Visual Arts

Depth of Offerings in the Arts

Students value the balance that art classes bring to their rigorous academic schedule. They explore many disciplines, develop a strong aesthetic sense, and learn to work with their hands. These classes give students time to delve into the arts as subjects in their own right.

Ninth, tenth, and eleventh graders progress through set art blocks such as copper, black and white drawing, pottery, and weaving. Particular courses engage and challenge students at their stage of development. In basketry, for instance, ninth graders bring order and harmony to a pile of wet, chaotic reeds. The process itself requires concentrated effort and artistry, a constructive challenge for students of this age. In eleventh and twelfth grades, students choose from art electives such as digital photography, bookbinding, oil painting, and videography. These offerings may change to reflect student interests.

Art Blocks: 9th - 11th Grades


9th Grade. Weaving techniques introduced and student complete small twined baskets. Process, precision, and artistry emphasized. Sculptural exploration begins with a twisted branch; students imagined a vessel within it. Historical and cultural richness of basketry around the world is covered, and the class culminates in the works of inspiring contemporary artists.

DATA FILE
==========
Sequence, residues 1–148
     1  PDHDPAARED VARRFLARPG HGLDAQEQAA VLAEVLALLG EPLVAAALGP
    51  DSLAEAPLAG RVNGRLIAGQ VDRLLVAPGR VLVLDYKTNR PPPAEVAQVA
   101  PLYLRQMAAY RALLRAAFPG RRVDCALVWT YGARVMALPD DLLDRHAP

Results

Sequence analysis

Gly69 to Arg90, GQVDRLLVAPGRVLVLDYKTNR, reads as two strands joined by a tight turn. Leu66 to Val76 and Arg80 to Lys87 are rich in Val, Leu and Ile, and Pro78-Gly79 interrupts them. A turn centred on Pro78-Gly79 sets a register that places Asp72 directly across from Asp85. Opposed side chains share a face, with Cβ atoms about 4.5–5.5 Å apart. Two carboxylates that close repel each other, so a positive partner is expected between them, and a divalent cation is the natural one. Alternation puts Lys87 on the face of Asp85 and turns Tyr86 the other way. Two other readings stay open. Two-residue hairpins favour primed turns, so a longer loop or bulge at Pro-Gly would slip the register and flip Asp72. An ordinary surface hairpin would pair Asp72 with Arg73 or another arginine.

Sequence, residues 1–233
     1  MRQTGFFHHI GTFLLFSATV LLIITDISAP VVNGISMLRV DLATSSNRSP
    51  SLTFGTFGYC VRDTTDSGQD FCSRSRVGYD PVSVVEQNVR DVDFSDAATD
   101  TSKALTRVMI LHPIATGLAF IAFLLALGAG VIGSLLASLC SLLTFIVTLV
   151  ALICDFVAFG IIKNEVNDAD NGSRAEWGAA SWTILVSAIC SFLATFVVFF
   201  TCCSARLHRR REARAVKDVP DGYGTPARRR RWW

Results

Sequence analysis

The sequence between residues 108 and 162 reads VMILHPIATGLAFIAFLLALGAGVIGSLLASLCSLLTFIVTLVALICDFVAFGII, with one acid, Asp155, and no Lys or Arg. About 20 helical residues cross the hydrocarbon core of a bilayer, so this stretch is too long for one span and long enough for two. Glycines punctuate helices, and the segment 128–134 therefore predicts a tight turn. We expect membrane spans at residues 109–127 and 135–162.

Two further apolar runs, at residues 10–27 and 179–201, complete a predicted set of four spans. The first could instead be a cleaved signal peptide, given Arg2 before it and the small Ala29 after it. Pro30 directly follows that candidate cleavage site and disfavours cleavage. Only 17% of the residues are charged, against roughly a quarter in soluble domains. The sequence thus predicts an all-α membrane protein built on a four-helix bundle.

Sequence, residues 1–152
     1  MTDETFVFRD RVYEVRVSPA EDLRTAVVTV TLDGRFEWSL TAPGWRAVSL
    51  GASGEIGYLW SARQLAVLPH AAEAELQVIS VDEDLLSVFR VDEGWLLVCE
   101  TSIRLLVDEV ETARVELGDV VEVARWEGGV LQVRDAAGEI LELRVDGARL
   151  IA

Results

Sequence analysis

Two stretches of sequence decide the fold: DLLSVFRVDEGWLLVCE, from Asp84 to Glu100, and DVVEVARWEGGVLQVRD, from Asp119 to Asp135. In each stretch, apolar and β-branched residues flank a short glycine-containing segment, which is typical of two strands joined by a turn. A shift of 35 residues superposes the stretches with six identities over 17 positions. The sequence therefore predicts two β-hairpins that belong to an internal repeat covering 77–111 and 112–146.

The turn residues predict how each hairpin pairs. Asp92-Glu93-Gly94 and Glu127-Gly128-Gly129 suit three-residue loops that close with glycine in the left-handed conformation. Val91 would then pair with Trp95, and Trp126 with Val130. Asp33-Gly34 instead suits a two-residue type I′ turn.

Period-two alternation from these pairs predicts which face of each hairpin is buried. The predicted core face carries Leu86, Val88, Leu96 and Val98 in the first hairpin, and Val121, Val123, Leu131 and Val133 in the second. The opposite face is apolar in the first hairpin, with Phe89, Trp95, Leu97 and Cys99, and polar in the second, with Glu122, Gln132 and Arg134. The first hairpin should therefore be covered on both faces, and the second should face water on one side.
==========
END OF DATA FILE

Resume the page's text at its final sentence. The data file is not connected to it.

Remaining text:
Black and White Drawing

9th Grade. Students work with lights and darks, building three dimensional forms on a two dimensional plane, and creating strong compositions that balance light and shadow. Students explore a variety of media, including charcoal, graphite, and pen and ink. Techniques used include stippling, chiaroscuro, blind contour, and gesture drawing.

Copper Arts

10th Grade. Process of manipulating and embellishing sheets of copper to create useful and beautiful objects. Students learn how to use torch for annealing, cut with a jeweler’s saw, drill, pierce, adorn with stamping tools and hammer texture, as well as form skills such as sinking and raising.

Techniques in Drawing

10th Grade. Follows Black and White drawing course. Students expands on foundation of working with light and shadow to include color, composition, and experimental drawing techniques.


10th Grade. Students build clay vessels using the coiling method, a pottery and sculpture technique used worldwide. Students learn to shape and design pottery through scraping, sanding, and carving before they are fired burnished by stone or fired.


10th Grade. Students design and weave chenille scarves or pillows on four-harness floor looms. Students a;sp learns to weave a colorfully patterned band on a tablet weaving or inkle loom, designed as belts, guitar straps, camera straps, or other functional items.


11th Grade. Students introduced to materials, tools, and techniques of bookbinding. Various types of book structures are created—sewn pamphlets, hinged albums, accordion books, and, finally, a formally bound book.

Acrylic and Watercolor Veil Painting

11th Grade. Students explore two mediums: "veil painting," which is a wet on dry method of watercolor; and acrylic painting. Veil painting focuses on transformative aspects of color into form, emerging from the interplay of layers of warm and cool colors. With acrylics, students explore subjects ranging from portraits to interpretations of a masterpiece. They use light and dark values expressively, while also creating a harmonious composition